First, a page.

He wants ICE to modify its policy to coordinate transportation for migrants to their families and friends already in the U.S.
“Instead of just throwing them on the street and saying, ‘Good luck, find your sponsor.’ That’s wrong. Very wrong,” Nowakowski said.
Tuesday night, Yuma mayor Doug Nicholls signed an emergency declaration, asking for federal dollars to help public and private agencies provide food and temporary shelter to newly released migrants. Phoenix is not considering an emergency declaration, according to Nowakowski.
Along the border, politicians on both sides want to give more money for law enforcement to catch drugs and violent criminals among the migrants.
“You have to incentivize people to stay and get trained and remain Border Patrol agents,” Biggs said. “Right now, we have thousands of vacancies.”
Like the representatives and councilman, Ducey fears the generosity of nonprofits helping newly released migrants could run out at any moment.
“It’s time to quit playing politics on this and to actually take action like we have in Arizona,” he said.
MANY DISAGREEMENTS, TOO
Lesko said she co-sponsored a bill last year that would have provided funding for a border fence, tightened asylum laws to discourage migrants from traveling thousands of miles to enter the U.S. and also give recipients of DACA, the Obama-era executive order that protects migrants who came to the U.S. as children from deportation, legal status.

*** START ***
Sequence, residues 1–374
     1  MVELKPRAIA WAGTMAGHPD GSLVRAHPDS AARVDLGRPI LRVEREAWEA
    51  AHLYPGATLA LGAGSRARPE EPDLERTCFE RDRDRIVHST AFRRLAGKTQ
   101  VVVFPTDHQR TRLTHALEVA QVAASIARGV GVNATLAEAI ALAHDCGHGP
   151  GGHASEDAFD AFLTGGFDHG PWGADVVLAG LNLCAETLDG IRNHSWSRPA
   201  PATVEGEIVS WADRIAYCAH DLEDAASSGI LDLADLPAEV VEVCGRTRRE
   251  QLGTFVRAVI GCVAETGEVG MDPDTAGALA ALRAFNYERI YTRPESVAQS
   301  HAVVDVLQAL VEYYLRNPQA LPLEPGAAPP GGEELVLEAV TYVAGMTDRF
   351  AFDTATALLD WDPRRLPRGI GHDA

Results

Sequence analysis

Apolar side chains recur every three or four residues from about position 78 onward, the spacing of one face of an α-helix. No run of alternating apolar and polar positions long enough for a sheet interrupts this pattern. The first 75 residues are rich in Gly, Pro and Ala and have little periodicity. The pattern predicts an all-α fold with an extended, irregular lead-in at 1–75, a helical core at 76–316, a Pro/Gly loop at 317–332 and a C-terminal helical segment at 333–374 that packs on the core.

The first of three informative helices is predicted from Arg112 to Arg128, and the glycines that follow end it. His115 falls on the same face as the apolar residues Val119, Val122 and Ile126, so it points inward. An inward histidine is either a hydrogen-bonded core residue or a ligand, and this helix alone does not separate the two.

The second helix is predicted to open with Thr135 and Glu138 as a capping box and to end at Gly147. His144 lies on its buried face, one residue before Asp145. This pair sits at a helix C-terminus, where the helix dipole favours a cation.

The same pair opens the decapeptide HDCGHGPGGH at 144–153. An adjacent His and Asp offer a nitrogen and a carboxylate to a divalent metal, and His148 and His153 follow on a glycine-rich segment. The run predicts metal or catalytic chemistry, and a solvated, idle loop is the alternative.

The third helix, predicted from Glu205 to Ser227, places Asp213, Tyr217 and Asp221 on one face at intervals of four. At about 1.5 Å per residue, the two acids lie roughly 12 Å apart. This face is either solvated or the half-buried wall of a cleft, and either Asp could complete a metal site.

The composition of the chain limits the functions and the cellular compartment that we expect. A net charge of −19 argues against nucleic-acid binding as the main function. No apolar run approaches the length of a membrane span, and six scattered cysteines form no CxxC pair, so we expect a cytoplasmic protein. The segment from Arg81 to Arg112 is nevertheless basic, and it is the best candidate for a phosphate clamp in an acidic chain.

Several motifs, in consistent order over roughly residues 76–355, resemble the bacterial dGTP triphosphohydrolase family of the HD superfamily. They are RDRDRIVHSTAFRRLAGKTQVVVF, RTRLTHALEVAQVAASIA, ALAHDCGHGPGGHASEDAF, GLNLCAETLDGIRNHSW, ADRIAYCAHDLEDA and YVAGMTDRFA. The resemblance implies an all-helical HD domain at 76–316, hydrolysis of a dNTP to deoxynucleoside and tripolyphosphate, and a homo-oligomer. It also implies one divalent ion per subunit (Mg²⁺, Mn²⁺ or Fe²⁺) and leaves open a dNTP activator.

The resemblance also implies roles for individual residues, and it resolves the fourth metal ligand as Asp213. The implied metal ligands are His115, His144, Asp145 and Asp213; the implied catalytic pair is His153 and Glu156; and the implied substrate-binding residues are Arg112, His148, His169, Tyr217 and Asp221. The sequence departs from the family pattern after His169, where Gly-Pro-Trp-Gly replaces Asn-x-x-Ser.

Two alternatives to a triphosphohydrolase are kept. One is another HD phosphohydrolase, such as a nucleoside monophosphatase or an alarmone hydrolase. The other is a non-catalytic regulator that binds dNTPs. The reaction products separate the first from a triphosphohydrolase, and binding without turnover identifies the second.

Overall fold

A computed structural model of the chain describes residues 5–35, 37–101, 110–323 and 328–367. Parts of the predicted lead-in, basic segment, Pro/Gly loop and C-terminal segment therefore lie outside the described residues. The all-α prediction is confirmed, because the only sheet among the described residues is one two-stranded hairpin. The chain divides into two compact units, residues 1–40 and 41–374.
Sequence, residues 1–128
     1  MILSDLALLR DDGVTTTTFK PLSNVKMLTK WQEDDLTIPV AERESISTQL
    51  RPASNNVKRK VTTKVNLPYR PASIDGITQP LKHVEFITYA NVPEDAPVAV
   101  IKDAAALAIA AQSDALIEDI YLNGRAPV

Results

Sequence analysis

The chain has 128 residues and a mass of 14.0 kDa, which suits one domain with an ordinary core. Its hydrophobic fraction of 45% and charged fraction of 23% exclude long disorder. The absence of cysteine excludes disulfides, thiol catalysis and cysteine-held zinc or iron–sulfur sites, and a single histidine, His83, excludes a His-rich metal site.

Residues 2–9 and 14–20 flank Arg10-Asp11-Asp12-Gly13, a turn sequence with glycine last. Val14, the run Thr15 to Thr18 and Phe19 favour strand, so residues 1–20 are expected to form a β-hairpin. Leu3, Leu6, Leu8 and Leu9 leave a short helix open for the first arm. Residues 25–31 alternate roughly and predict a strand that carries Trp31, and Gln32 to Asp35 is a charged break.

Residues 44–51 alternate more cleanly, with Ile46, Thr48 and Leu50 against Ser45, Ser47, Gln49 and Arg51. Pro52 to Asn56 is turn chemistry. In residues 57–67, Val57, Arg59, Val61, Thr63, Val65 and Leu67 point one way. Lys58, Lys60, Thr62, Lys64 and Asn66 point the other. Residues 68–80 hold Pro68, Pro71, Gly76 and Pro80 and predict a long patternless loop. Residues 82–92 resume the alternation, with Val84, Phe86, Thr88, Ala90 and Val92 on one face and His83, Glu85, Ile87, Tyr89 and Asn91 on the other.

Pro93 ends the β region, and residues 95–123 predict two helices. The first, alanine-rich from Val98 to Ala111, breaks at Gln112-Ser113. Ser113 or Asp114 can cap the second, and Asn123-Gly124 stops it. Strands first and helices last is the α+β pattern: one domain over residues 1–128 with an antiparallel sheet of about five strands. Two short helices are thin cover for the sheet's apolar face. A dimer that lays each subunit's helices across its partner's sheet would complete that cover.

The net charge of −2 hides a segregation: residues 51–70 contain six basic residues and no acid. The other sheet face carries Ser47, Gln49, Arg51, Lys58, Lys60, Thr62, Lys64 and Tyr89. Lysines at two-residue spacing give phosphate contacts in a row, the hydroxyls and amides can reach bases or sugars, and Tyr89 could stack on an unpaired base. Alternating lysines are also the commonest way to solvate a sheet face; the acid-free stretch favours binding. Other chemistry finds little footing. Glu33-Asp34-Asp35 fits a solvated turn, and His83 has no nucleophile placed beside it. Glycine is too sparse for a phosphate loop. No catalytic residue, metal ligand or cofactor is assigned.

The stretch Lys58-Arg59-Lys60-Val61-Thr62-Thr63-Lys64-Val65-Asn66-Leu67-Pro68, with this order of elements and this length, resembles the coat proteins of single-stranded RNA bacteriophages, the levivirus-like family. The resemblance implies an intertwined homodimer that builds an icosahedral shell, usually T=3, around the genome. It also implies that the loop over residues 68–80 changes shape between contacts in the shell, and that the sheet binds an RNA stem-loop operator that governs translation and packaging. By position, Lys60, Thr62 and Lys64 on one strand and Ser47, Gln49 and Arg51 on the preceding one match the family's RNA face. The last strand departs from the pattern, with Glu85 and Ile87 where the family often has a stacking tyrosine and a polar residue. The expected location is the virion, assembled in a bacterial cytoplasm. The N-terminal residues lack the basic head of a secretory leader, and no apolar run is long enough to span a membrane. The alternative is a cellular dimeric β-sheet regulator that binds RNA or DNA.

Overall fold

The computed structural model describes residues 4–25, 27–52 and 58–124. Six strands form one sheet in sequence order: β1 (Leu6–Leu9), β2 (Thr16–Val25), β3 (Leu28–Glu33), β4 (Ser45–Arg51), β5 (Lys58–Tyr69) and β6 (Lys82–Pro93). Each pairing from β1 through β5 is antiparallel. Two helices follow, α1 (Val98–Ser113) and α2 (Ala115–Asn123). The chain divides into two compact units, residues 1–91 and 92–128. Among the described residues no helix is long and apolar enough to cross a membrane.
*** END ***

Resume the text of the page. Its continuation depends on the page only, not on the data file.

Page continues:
“Unfortunately, the Democrats who have always said that they want to help the DACA recipients, not one of them voted for it,” she said.
In March, a group of Democrats in the House introduced the American Dream and Promise Act of 2019. Rep. Greg Stanton (D-District 9) co-sponsored the bill, which would allow DACA recipients and immigrants with temporary humanitarian protections to apply for permanent legal status. However, this bill did not include funding for a border fence.
Meanwhile, Grijalva wants no changes to asylum laws.
“Our asylum law is based on international law,” he claimed. And he believes Trump’s threat to punish Honduras, El Salvador and Guatemala — especially by cutting U.S. funding and resources there — will only exacerbate the crisis.
“Refugee status application centers were established under the Obama administration in those countries,” Grijalva recalled. “People could go there and go through the credible fear process. Those were one of the first things the Trump administration closed.”
Biggs put forth a bill last year to tax remittance payments — when U.S. families wire money to relatives in Mexico — in order to get that country to stop allowing migrants to freely move to the border.